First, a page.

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The New Proposal to Expand EEO-1 Reports to Include Pay Data: What You Need to Know

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Large employers should anticipate major changes in what employee information they are required to track and report to the federal government. On January 29, 2016, the Obama administration announced a proposed rule that would revise the long-standing Employee Information Report, or EEO-1, to require disclosure of compensation paid to, and the hours worked by, employees grouped by gender, race, and ethnicity.

The EEO-1 is an annual compliance survey conducted by the U.S. Equal Employment Opportunity Commission (“EEOC”), which is used to collect workforce data. Currently, the EEO-1 report only collects data about employees’ race, ethnicity, gender, and job category. The new provisions will apply to all employers with 100 or more employees, covering an estimated 63 million workers. Federal contractors who employ 50 to 99 employees and have a prime contract, or first-tier subcontract, amounting to $50,000 or more, will still be required to file the current EEO-1 report.

The proposed EEO-1 addendum is meant to bring about transparency in employment practices. The EEOC, which is tasked with enforcing the federal laws prohibiting employment discrimination, and the Office of Federal Contract Compliance Programs (“OFCCP”), will use the EEO-1 pay data to gain insight into potential pay disparities, with a focus on the gender gap in pay, as well as to strengthen enforcement efforts. The EEOC also plans to publish aggregated data, permitting employers to conduct self-analysis of their pay practices to facilitate voluntary compliance. If the proposed rule becomes final, as expected, it would go into effect beginning 2017, making the first EEO-1 pay data due by September 30, 2017.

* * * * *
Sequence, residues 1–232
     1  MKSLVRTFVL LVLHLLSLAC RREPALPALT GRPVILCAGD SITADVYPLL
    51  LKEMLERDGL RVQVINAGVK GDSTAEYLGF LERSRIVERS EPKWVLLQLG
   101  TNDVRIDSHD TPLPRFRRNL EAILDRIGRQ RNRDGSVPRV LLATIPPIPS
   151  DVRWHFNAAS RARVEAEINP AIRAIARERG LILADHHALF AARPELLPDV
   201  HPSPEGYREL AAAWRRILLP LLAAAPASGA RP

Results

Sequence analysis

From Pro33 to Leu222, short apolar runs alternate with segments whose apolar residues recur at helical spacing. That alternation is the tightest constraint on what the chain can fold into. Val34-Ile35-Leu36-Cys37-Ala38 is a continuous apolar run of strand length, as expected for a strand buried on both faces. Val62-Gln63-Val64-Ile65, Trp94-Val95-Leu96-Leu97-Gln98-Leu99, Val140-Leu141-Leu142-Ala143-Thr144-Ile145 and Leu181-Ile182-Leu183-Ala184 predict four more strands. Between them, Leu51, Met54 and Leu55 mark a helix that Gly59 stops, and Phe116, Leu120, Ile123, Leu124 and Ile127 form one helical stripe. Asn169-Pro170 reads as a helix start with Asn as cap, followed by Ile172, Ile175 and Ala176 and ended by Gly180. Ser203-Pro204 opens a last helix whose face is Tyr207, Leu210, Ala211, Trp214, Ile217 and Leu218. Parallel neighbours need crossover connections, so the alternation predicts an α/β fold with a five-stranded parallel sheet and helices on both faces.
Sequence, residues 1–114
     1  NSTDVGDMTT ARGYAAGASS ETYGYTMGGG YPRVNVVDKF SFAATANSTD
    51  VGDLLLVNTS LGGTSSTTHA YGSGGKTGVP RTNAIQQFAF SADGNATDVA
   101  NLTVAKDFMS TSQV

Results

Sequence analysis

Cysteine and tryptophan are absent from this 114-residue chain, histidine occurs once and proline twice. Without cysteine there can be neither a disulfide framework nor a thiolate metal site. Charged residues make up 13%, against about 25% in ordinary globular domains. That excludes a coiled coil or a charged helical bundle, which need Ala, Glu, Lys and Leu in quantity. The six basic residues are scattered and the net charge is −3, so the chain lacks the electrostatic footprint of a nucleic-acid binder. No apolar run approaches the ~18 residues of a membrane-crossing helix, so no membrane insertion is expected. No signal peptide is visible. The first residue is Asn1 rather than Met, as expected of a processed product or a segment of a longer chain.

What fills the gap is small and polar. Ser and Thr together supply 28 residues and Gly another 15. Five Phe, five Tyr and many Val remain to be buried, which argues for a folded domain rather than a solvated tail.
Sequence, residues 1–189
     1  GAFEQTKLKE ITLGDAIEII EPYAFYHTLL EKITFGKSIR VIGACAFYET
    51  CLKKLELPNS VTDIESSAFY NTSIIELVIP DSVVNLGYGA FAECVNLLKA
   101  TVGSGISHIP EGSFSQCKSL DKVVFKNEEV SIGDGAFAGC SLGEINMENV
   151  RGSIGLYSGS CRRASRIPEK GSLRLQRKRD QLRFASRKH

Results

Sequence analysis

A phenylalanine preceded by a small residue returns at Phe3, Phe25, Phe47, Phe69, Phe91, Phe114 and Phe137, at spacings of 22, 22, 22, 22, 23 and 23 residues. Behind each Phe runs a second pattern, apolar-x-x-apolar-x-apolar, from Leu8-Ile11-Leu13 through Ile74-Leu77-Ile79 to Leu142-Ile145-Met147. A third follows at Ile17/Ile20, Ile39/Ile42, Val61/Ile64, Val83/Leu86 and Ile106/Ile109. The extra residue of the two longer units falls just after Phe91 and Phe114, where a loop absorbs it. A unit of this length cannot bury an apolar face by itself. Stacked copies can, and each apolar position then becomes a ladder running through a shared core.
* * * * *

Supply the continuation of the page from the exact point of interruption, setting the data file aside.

Employers that have, or anticipate having, 100 or more employees should begin developing the infrastructure and procedures for collecting and preparing pay data now. Although some employers may already be collecting this data for their own use, others are not and will need time to build a tracking program.

The EEOC attempted to address concerns about increased burdens associated with the proposed rule by selecting total W-2 earnings as the measure of pay to be reported, stating that employers and contractors already compile this information for tax purposes. See 81 Fed. Reg. 5,113, 5,121 (Feb. 1, 2016). Based on the compensation identified in their W-2 data, employees will be reported under one of the 12 pay bands for the 10 EEO-1 job categories already used in the current form. Id. at 5,117. However, W-2s contain wages earned in a calendar year, not the October 1 through September 30 fiscal year snapshot required for EEO-1 reports, meaning employers will need to collect and report W-2 data specifically for the EEO-1 addendum. This may impose significant costs and burdens, particularly for employers that do not have robust human resources information systems and information technology specialists.